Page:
September 25, 2009

Stick it to ya!

After your first year in nursing you are qualified to do several things. Are these things exciting? NO, NO, NO, and NO. During my first clinical, I could help someone go to the bathroom, give them a bed bath, check vitals and change beds. All meaningful and necessary tasks that I like to refer to as the 'shit work,' which is actually pretty literal. Instantly, I recall wiping the ass of a gentleman with a hernia- think nuts the size of bowling balls. The only great thing about clinical is that you are assigned to only one or two patients, so you have more opportunity to get to know them, and as a result, devote more time and care to each.

In second year we get to the good stuff. Like needles. Ahhh. I hate receiving needles but I feel strangely excited about the prospect of giving them—must be my inner sadist talking. In out first needle lab today we were taught about subcutaneous injections. I assumed it would be easy, it wasn't as if we were trying to hit a vein or anything, just jabbing flesh. No biggie, right? If I had been tested today, I would have failed miserably. At one point my needle flew off of the syringe and almost landed on my neighbor. Good thing it wasn't used, but I think she still contemplating moving to another table.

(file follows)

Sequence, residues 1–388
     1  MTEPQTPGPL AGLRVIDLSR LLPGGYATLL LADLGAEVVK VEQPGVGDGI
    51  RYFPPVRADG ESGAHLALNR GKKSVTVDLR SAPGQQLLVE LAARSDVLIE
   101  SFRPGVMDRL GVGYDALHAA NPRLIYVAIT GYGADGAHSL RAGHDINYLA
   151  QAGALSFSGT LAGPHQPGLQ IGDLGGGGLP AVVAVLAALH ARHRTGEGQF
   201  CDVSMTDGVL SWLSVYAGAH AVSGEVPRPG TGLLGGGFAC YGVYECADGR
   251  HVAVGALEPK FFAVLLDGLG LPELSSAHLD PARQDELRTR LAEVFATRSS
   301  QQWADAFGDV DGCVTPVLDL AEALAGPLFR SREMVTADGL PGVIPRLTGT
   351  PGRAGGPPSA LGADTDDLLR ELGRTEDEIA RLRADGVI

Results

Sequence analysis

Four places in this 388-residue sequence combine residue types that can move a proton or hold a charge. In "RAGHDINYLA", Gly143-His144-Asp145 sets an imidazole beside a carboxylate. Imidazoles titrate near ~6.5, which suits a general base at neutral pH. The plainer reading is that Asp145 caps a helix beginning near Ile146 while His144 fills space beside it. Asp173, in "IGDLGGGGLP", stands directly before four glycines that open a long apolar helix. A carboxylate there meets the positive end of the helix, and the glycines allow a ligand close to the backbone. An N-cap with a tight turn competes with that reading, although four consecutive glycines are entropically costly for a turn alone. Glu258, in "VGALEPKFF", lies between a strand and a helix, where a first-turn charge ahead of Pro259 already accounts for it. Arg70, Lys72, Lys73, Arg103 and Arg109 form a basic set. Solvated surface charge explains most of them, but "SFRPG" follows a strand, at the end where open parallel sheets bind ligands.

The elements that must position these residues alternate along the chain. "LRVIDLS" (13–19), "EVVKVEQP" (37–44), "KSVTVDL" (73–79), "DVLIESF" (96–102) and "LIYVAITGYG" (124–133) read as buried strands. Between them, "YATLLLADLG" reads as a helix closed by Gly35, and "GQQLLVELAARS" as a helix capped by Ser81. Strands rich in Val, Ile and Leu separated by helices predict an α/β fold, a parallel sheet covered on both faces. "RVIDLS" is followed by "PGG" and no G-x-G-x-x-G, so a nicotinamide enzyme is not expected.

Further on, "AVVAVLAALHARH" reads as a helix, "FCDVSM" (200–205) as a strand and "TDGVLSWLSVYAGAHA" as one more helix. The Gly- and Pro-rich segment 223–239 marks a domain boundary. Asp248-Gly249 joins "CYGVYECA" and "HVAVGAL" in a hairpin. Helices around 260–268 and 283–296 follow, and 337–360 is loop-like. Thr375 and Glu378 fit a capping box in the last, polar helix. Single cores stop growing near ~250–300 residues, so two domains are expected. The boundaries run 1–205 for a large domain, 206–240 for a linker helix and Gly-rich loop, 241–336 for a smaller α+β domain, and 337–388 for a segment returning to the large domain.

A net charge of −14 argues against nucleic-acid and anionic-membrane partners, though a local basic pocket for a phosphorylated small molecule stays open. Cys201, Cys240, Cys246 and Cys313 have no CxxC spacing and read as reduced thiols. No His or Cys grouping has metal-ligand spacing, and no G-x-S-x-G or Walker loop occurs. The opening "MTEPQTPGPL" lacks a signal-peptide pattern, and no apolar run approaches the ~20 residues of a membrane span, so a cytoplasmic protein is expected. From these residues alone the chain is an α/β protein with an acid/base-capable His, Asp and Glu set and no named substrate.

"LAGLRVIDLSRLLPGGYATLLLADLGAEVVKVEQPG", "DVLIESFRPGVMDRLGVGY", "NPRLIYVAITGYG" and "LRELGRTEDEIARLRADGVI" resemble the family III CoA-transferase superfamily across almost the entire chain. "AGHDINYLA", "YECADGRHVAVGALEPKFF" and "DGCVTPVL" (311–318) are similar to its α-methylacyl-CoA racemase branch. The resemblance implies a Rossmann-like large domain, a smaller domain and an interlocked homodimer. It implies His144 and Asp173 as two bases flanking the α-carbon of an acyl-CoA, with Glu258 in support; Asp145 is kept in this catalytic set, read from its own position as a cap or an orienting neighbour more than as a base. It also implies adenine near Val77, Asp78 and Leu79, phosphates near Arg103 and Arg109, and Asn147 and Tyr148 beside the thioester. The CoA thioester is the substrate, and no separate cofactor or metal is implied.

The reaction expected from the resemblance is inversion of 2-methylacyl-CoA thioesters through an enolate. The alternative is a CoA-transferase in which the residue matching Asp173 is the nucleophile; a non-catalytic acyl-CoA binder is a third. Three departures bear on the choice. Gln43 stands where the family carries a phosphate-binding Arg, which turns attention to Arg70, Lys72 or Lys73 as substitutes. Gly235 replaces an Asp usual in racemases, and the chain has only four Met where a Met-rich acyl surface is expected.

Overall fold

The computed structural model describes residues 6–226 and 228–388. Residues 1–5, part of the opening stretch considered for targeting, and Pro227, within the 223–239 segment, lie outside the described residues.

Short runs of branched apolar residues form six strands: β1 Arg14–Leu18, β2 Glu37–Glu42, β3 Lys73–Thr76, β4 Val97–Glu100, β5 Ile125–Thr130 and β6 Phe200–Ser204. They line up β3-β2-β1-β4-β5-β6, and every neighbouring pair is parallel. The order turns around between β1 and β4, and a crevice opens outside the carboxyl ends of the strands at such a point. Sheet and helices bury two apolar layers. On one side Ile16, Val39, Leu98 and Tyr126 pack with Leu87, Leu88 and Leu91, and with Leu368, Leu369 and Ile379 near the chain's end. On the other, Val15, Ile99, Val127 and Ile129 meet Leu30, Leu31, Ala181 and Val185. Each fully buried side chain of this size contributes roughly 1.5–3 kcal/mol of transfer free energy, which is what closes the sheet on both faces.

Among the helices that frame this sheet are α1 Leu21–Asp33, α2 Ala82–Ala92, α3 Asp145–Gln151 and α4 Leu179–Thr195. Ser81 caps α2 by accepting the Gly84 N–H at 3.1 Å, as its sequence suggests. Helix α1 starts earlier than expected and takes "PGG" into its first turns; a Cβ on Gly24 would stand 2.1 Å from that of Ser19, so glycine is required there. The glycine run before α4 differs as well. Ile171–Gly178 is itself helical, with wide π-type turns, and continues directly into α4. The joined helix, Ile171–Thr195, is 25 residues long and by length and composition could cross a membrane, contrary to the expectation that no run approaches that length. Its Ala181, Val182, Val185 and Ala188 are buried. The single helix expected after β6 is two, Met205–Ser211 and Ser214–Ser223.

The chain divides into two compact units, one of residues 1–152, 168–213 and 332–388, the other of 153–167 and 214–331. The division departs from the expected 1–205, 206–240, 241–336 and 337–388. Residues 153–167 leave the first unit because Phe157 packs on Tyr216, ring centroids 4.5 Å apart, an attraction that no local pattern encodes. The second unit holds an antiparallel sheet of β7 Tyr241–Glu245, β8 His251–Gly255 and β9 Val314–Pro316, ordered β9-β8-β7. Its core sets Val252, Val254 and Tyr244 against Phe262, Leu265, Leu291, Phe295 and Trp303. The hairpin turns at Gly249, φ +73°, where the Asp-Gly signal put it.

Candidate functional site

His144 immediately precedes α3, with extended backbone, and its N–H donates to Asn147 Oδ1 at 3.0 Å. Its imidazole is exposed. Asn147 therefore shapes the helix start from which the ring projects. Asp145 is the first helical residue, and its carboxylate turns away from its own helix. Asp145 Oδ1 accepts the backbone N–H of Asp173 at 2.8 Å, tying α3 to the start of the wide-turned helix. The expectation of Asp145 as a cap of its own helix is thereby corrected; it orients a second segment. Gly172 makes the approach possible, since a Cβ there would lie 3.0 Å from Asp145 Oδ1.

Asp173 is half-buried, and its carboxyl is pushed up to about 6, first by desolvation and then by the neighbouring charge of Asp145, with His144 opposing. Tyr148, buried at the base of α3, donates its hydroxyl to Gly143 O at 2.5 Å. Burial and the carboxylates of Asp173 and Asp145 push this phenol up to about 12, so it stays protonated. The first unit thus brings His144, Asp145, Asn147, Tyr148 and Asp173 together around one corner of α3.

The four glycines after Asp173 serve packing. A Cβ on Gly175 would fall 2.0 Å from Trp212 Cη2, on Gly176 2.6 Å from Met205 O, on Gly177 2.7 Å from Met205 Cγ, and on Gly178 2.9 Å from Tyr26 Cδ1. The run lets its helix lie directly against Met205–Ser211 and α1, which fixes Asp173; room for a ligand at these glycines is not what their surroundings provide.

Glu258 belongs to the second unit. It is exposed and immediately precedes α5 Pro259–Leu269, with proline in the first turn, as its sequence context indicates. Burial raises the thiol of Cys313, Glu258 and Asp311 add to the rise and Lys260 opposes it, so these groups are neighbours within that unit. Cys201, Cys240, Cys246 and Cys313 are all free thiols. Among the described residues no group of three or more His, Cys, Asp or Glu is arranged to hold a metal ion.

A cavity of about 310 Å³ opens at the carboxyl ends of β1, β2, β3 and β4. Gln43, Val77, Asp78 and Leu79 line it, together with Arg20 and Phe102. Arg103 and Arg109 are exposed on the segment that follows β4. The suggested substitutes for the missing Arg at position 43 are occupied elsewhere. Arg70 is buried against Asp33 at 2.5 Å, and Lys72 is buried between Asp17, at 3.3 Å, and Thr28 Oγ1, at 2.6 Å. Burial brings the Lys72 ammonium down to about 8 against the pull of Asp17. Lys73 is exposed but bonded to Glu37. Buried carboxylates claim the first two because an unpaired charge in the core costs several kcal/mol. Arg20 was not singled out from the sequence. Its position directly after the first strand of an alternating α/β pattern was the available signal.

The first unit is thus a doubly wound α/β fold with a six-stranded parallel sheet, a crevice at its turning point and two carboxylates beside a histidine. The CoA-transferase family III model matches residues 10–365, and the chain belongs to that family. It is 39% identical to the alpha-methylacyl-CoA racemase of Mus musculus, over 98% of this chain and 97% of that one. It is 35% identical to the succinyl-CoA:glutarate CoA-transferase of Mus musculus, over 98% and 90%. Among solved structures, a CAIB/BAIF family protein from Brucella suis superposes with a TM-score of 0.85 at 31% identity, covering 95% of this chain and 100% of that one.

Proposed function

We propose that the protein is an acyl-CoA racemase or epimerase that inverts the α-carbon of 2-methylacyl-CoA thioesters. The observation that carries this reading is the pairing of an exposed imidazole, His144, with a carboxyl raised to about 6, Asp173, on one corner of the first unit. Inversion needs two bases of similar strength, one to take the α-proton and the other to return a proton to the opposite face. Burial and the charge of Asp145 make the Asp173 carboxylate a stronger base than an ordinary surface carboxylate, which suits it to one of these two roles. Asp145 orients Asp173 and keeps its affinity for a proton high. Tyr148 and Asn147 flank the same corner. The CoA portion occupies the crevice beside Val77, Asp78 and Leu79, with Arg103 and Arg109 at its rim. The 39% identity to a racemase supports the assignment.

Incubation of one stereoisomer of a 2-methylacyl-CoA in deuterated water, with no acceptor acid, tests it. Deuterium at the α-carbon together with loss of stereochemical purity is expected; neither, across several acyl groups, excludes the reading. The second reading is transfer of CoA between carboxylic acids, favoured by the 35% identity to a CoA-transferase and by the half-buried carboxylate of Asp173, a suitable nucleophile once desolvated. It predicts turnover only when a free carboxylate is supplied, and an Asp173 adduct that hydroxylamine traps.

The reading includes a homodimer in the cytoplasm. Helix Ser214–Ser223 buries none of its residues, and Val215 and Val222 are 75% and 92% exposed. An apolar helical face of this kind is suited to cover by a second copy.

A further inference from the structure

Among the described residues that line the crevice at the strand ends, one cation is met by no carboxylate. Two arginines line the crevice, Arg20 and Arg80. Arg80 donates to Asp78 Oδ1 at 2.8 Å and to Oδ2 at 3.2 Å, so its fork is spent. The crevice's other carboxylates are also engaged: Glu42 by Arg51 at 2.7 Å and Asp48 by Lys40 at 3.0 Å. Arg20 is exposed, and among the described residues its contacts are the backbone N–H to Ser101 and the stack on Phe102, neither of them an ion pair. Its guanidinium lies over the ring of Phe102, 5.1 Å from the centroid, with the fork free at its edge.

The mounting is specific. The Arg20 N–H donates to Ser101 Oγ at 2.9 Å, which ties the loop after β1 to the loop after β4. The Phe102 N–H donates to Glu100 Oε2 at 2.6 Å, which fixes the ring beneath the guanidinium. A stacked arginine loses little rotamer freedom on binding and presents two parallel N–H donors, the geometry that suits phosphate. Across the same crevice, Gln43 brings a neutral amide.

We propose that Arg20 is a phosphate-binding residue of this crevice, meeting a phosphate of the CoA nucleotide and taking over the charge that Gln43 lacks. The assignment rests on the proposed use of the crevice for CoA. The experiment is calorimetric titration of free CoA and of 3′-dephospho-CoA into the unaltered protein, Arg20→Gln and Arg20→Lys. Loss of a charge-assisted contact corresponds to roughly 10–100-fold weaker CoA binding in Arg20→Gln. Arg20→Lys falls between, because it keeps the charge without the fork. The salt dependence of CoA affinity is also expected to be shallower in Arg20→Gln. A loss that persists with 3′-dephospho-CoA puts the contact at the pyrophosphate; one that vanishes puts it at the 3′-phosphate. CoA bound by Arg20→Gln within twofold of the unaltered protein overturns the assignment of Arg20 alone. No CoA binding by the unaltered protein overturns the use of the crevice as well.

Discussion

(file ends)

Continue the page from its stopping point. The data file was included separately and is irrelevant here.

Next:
When they said, "You really have to push on the needle to make sure it's secure,' they weren't shitting me. So, after learning this valuable lesson, I moved on to drawing up a needle. Air bubbles galore. And injecting the pad (mock flesh) felt very awkward. It wasn't as easy as I thought to administer medication while trying to keep the needle perfectly still, because too much movement hurts and hurting people is bad—so they say. I say, "Man up people! It only lasts thirty seconds at the most! Needles are supposed to hurt. If someone says differently, they’re lying!”

Just so you don’t think I should choose another career path, I would like to note that I have a tendency to complain and exaggerate—just a little—for effect. I am actually quite compassionate—most of the time.

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